+61 2 4221 3432
Lab: 35.G01B & C
Lab: +61 2 4221 4370
Ecology of invertebrate larvae
Defensive strategies in marine invertebrates
Human impacts on natural systems, including the impact of introduced marine pests
Structure and dynamics of invertebrate assemblages
Pattern and determinants of biodiversity
Broad A., Knott N., Turon X. & A.R. Davis (2010) Effects of a shark repulsion device on rocky reef fishes: no shocking outcomes. Note In: Mar. Ecol. Prog. Ser. 408: 295-298.
Davis A.R. & D.W. Ward (2009) The establishment and persistence of species rich patches in a species poor landscape: role of a structure-forming subtidal barnacle. Mar. Ecol. Prog. Ser. 380: 187-198.
Ferguson A.M. & A.R. Davis (2008) Heart of glass: spicule armament and physical defence in temperate reef sponges. Mar. Ecol. Prog. Ser. 372: 77-86.
Wright, J.T. & A.R. Davis (2006) Demographic feedback between clonal growth and fragmentation in an invasive seaweed Ecology 87:1744-1754.
Przeslawski, R., Davis A.R. & K. Benkendorff (2005) Synergistic effects associated with climate change and the development of rocky shore molluscs. Global Change Biology 11: 1-8.
Marie-Clare Demers, Project title: Ecological processes in Posidonia australis, an endangered seagrass marine community.
Matt Rees, Project Title: Developing seascape models for pelagic and demersal fish assemblages.
Jessica Rugge, Project title: Seeking abiotic surrogates for reef invertebrate assemblages using an Automated Underwater Vehicle (AUV).
Lauren Cole, Project title: Connecting reefs: Drift algae and rafting invertebrates.
Gerard Ricardo, Project title: Dynamics of invertebrate larvae in salt marshes. (Co-supervised with Dr Todd Minchinton).
Laura Lopez, Project title: Indigenous mussels as heavy metal bio-accumulators: the role of bio-turbators.
Lachlan Fetterplace, Project title: Temperate sand-flat fish assemblages in Jervis Bay Marine Park across a depth range.
Jessica Holan, Project title: Behavioural responses of four gastropod species to predatory cues under lab and field conditions: effects of an acidified ocean.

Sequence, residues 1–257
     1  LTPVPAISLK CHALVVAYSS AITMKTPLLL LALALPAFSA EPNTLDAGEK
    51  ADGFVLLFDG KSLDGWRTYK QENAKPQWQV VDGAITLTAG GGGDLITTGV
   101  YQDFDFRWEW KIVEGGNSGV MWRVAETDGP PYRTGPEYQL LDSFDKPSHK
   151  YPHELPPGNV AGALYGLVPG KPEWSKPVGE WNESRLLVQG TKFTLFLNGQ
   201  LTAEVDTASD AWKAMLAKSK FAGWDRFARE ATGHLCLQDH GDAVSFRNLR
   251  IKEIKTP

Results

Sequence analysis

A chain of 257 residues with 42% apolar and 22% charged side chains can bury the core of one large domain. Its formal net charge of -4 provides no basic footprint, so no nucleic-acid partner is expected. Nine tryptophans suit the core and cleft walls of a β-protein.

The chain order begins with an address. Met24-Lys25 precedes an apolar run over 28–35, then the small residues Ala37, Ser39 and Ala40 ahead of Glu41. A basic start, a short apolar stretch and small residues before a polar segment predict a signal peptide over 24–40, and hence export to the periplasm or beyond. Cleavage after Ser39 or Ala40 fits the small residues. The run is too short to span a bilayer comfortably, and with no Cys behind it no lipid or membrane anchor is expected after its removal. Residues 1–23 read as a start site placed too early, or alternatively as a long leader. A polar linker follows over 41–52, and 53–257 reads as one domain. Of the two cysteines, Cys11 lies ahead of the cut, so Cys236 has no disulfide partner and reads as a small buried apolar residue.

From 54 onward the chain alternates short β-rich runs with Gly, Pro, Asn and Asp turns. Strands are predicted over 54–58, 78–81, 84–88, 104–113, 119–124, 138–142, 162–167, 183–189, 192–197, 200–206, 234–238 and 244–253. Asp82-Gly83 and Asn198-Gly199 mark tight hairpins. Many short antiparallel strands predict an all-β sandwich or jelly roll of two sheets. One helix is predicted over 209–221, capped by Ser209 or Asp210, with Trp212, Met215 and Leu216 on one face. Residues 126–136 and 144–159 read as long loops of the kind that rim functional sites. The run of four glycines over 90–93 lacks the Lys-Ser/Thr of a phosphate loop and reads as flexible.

Suggested Topics for Future Students
What are the pattern and determinants of spatial and temporal variation in recruitment of solitary ascidians.
Sterols and free-fatty acids in molluscan egg masses can be effective antimicrobial compounds; do they also play an antifeedant role?
Are sessile-invertebrate assemblages in shallow coastal lakes structured from the top down or by the availability of suitable settlement substrata?
What are the ecological impacts of Caulerpa spp. on the structure of rocky intertidal and subtidal zone assemblages?
What are the patterns of biodiversity in coastal lakes in central and southern NSW and, selecting appropriate taxa, can effective surrogates be identified?
Mycosporine-like Amino Acids (MAAs) are apparently effective sunscreens; do they also possess antimicrobial or antifeedant activity?
Does exposure of adult invertebrates to conditions anticipated under climate change affect the provisioning and performance of their offspring?
What is the relative importance of physical vs. chemical defences in deterring predators for sessile invertebrates? To what extent are these defences inducible?
See also the Honours Topics page
Andy Davis, Convenor Australian Marine Science Association (AMSA) Conference, New Waves in Marine Science.
Daniel Coleman, AMSA oral awards; Victorian Marine Science Consortium Award,
Editor’s Choice Award Journal of Marine and Freshwater Research
Awarded Best Performance in the Bachelor of Marine Science Honours
Liz West, three papers accepted from her honours project on Caulerpa taxifolia
Maiko Lutz, winner Jim Campbell Award for best School of Biological Sciences Honours thesis
Andy Davis, Distinguished Visiting Scholar, University of Canberra
Rachel Przeslawski, winner New Scientist and British Council writing competition – “Sunburnt Seaslugs”, published in NewScientist
Matt Kindred, winner Alan Sefton award for best Environmental Science Honours thesis
Amanda Watson, winner Jim Campbell Award for best School of Biological Sciences Honours thesis
Gabbia davisi (Bithyniidae:Mollusca) ‘discovered’ in southwest Queensland
Kirsten Benkendorff, winner Young Australian of the Year (Science & Technology Category)
PhD (Zoology) University of Adelaide, Australia, 1987
MSc (Hons -1st class) University of Auckland, New Zealand, 1982
B.Sc (Zoology major) University of Auckland, New Zealand, 1980
Academic and Research Appointments
2000-present Associate Professor in Biology, University of Wollongong
2006-Distinguished Visiting Scholar, University of Canberra
1993-2000 Senior Lecturer in Biology, University of Wollongong
1996 Visiting Research Fellow - Royal Swedish Academy of Sciences
1989-1993 Lecturer in Biology, University of Wollongong
1987-1989 Harbor Branch Oceanographic Institution Postdoctoral Fellowship
1987 Lecturer in Statistics & Computing, South Australian College of Advanced Education